Why I Used to Think “Bloom Where You’re Planted” Was Cheesy

Faith / Marriage Michelle Lindsey November 2, 2016

I watched my husband fix his hair, brush his teeth, and spray on his cologne.

He grabbed his coffee and kissed us all goodbye. I felt a wave of bitterness well up in me. I don’t know where it came from but I knew it wasn’t good. Off he went. Again.

I chose the life I have!

I chose to stay home with out kids. I chose to homeschool our kids. I have never wanted to be anywhere other than home, from the very start. But lately, I have felt I was missing out. Maybe I needed a job or a hobby. Maybe I wasn’t doing enough.

Suddenly, it seemed like my husband was living the high life and I was spinning my wheels in the trenches. And the bitterness grew.

Was I the most unproductive, unimportant human alive?

I realized I had forgotten to get a degree and have a career that would change the world for the better. I never did learn that instrument or take up that knitting. Because I don’t have the time for self improvement. I am trying to educate these kids so they grow up as loving members of society who honor God and treat people well. That takes up more time that I have!

The more I thought about it, the angrier I felt.

The angrier I felt, the more hazy the truth became. And before long, I forgot the most important thing. I let the lie that I wasn’t enough, seep into my soul and rob me of the joy I had always felt as a homeschool mom. As a wife.

There is a cheesy little sign that I see in Hallmark stores. It reads, “Bloom where you are planted.” 

I would never have bought that years back, because I thought it was silly. Of course you bloom where you are planted. It never occurred to me I could be planted but look like a weed.

Here I was, complaining about where God had me. I didn’t want to feel this way. I knew I was being kind of bratty, but couldn’t snap out of it. The new school year was coming, and I was determined to get my head in the game. I began planning and reading articles about classical education. I got all of our books arranged and ready to go. I still felt very little inspiration and even dreamed of sending the kids down the road to hop on that yellow bus so I could find my purpose in life.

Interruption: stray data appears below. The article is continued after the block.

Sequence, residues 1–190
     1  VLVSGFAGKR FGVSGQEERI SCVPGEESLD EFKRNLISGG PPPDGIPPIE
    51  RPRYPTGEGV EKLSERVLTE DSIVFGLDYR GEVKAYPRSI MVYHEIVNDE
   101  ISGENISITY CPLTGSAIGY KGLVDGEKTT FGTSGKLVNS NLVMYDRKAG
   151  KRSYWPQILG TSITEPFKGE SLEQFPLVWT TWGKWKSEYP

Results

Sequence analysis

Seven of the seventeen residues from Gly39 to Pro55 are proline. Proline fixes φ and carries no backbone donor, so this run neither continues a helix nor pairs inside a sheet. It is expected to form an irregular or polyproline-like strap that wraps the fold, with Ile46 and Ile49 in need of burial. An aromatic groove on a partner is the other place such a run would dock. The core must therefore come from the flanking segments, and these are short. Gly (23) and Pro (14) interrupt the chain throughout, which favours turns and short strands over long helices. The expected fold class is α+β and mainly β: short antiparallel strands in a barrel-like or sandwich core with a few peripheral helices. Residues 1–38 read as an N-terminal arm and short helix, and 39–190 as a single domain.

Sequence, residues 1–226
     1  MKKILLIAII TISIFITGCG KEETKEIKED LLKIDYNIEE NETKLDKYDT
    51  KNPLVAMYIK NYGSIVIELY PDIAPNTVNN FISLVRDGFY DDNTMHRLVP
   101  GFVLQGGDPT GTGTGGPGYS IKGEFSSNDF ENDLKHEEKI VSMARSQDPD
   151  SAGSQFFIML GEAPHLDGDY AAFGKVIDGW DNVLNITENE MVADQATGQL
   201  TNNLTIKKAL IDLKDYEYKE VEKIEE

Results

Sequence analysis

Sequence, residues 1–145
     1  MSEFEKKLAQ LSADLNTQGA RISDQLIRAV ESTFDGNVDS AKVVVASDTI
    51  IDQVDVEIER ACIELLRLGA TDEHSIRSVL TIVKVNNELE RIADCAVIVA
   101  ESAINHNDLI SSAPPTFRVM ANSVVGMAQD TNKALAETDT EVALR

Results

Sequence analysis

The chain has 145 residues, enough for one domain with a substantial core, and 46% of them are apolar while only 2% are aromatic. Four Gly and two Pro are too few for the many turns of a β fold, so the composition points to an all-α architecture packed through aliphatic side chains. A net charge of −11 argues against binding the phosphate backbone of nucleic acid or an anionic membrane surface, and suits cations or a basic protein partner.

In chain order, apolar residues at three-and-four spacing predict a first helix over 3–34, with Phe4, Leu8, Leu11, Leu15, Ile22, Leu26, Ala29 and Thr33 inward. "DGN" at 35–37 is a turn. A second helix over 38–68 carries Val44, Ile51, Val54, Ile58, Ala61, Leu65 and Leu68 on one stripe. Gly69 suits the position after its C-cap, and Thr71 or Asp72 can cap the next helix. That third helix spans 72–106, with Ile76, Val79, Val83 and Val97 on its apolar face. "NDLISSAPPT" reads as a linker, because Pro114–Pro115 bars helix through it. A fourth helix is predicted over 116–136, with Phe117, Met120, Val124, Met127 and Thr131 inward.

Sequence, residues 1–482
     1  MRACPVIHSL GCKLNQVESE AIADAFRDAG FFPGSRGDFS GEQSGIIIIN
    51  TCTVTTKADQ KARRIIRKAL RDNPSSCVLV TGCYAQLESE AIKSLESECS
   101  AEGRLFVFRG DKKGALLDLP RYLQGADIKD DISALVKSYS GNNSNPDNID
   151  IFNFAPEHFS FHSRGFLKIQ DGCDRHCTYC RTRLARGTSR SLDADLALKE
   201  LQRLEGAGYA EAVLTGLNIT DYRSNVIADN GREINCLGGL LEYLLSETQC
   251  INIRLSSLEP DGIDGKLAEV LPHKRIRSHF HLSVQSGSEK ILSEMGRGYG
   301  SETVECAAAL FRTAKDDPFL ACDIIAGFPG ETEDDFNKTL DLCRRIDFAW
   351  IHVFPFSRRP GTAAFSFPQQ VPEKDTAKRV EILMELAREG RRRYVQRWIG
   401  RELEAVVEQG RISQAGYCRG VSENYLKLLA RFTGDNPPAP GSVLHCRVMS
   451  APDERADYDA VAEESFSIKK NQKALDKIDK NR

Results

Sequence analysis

But alas, I am not very good at renewing my own heart.

I prayed and asked God to change it for me. I knew where I needed to be. And I needed to want to be there. Pulling myself up by my bootstraps wasn’t working. Not to mention, I wasn’t seeing my blessings clearly.

I began to thank God that my husband had a job he loved and that he provided for our family. He couldn’t help it that he had to travel, and when I spoke to him, he told me he would rather be at home than at work on any given day.  He told me meetings and lunches do not compare to the shaping of little humans. He gave me the best pep talks you have ever heard. But I still needed God to intervene and speak louder than the voice of society that was telling me to “do more.”

When I imagined me leaving my kids all day, I felt a sad pit in my stomach. What was I thinking? I knew I would never choose any other path than the one I was on. Not only is it where God has placed me, it is exactly where I want to be. How ungrateful was I? And then came the guilt…that familiar enemy, who screams aloud all my faults and threatens to bury me.

I was guilty of one thing, I had stopped believing in our mission.

I spent some time with a friend who also homeschools her children. She told me her goal was to make her days more beautiful by focusing on “much over many.” She planned to do a few things well, instead of a bunch of random things poorly. This made sense. It occurred to me I was possibly just burned out. Homeschooling is an amazing opportunity, and I didn’t want to waste it by being negative.

A little spark ignited in my heart.

Simple changes. I felt excited to give my kids lovely days, learning about deep and important things. Yes, there are ups and downs but even that is part of the process of learning. Do you remember that scene in, “The Grinch Who Stole Christmas,” where his tiny little black heart grows three sizes? That is how I felt that day. My heart was literally full of joy over the most mundane of tasks.

The scales fell from my eyes, and I felt grateful. 

My husband just left for Australia. He travels to amazing places all of the time. I fully empathize with wives who’s husbands travel. It is difficult on so many levels, and I send you virtual hugs right now. But my attitude was hurting us all. C.S. Lewis tell us that if you love someone, you want their happiness to the furthest extent. This means, I should want him to enjoy the life God has given him, including traveling.

I didn’t give myself a dose of reality.

I asked God to change my heart and to help me see truth. And He did. It happened a bit faster than I had anticipated, and for that I am grateful, because sometimes change feels really slow.  And I believe my husband has grown as well. He is more understanding of how hard it is for me to be the one at home. He has more empathy and takes my concerns to heart, and because of this, we communicate better in this area.

In the past, I bloomed where I was planted, but mostly out of obligation, and growth was minimal. Now I feel I am blooming, and the joy it gives me is spilling over onto my family. They are blooming too.